The downhill slowly begins and becomes increasingly scenic as Ivanpah Road winds its way down out of the New York Mountains and into the Ivanpah Valley.
Once out of New York Mountains, Ivanpah Road slowly descends the foothills to the valley floor below—a wonderful ride
The washboard surface is tough at times as I gain speed and bump and rattle a lot, often exceeding 20 mph. The road never gets really steep though.
This is a great test of my bike's robustness and I have the feeling that the manufacturers of the equipment I'm using would be proud to see their products performing so well under rough conditions. I'm just happy that nothing has detached itself from the bike yet!
I'm riding a five-year-old Trek 8000 "racing mountain bike" (whatever that is), equipped with lightweight Old Man Mountain front and rear racks, and seven-year-old saddlebags made by Jandd (rear) and Ortlieb (front). The comprehensive overhaul done on the bike by the folks at Bicycle Express in San José just before the trip is no doubt helping a lot too.
An SUV passes by, the driver waves, and a cloud of dust is left behind. This is the first motor vehicle that I've seen since leaving New York Mountains Road many miles ago.
Three motorcycles coming toward me where the pavement ends is a surreal sight, since I've only seen two motor vehicles so far today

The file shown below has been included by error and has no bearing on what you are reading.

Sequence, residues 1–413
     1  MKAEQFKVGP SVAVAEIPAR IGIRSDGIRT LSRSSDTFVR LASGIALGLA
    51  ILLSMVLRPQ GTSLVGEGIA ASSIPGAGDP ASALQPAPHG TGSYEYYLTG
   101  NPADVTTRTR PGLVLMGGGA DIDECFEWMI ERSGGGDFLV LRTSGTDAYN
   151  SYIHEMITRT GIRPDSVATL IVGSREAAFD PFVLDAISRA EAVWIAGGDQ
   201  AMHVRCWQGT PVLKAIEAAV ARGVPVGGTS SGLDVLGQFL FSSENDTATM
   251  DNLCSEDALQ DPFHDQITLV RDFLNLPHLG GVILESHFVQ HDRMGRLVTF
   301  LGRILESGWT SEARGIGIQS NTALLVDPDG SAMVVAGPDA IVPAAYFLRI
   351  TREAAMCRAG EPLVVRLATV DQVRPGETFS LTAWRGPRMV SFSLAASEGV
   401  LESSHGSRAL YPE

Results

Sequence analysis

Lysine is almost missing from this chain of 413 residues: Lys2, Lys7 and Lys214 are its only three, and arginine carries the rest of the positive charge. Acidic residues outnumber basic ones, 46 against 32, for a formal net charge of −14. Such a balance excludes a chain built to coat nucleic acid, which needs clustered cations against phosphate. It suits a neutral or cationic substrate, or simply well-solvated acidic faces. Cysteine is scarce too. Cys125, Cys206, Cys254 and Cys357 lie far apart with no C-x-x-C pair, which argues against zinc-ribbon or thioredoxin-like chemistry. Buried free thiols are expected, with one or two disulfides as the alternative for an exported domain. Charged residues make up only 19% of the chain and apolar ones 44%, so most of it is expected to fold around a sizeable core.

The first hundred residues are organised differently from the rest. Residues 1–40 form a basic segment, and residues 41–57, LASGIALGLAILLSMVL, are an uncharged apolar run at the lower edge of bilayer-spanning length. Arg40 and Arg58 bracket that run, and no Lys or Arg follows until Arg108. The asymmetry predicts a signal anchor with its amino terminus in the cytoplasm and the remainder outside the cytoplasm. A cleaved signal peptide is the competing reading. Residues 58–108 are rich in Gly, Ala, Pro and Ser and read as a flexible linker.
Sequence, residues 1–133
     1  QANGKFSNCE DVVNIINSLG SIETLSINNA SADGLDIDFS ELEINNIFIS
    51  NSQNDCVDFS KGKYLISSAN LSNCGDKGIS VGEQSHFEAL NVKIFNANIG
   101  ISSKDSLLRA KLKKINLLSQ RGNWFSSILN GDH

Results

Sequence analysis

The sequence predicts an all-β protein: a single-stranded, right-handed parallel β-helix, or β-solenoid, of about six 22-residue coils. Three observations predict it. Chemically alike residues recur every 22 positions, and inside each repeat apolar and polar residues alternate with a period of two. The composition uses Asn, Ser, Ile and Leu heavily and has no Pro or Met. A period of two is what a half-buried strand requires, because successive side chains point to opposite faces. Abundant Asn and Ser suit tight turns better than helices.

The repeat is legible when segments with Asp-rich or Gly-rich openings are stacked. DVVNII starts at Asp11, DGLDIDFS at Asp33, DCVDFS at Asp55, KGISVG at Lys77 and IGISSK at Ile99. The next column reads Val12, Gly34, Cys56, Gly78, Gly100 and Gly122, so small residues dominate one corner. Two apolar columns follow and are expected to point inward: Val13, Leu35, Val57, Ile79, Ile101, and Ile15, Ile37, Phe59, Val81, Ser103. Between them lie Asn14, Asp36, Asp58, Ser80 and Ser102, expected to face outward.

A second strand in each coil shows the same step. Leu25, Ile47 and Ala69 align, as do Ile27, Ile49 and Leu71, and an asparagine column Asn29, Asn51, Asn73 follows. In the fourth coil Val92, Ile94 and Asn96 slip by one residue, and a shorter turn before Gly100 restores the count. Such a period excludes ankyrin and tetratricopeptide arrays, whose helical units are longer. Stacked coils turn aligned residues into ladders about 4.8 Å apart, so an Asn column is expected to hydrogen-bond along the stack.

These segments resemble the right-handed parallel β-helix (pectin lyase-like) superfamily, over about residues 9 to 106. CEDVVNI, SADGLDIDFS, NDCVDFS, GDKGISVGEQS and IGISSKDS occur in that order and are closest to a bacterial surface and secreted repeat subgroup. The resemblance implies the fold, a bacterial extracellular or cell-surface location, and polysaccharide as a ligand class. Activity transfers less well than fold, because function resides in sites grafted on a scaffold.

The views open up slowly; the gravel road ends and pavement begins. I stop to take a photo of this important change of road surface, and I see three motorcycles heading up the road towards me.
I wave, expecting them to keep going, but they stop to ask me if this is the road to Cima. Well, I explain, sorta kinda. One can get to Cima this way, but it's the back road, much longer, and much more scenic. And unpaved.
This isn't what they were looking for. They missed their turn-off to Cima via Morning Star Mine Road many miles ago, and they weren't expecting the pavement to end.
Back on the bike, it's nice to have miles of pavement ahead of me for the first time in a few days. I convert instantly from a mountain biker to a road cyclist.
The motorcyclists stayed behind to chat with each other for a bit, but they've finally turned around, and pass me one by one, each one waving as he goes by.